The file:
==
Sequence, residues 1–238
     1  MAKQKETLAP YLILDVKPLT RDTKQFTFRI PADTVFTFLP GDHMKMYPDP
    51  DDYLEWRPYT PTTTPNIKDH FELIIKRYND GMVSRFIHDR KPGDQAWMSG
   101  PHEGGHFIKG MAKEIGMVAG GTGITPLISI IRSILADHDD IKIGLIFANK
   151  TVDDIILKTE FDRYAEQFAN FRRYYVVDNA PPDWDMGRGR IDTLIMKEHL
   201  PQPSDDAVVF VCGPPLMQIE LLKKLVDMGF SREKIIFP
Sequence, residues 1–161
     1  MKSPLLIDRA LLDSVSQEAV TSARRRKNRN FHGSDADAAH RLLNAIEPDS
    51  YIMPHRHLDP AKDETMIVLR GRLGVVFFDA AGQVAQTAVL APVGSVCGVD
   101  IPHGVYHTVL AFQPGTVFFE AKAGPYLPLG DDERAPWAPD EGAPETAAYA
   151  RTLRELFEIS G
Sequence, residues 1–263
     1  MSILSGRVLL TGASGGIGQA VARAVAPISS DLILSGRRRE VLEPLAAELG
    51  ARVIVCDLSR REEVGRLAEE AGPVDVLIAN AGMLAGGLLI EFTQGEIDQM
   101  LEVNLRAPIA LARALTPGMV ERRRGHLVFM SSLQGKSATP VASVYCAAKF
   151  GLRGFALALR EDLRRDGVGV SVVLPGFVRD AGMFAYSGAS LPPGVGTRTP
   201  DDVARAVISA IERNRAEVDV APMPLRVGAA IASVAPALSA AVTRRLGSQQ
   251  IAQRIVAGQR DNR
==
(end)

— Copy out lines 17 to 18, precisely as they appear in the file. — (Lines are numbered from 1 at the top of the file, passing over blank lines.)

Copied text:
   201  DDVARAVISA IERNRAEVDV APMPLRVGAA IASVAPALSA AVTRRLGSQQ
   251  IAQRIVAGQR DNR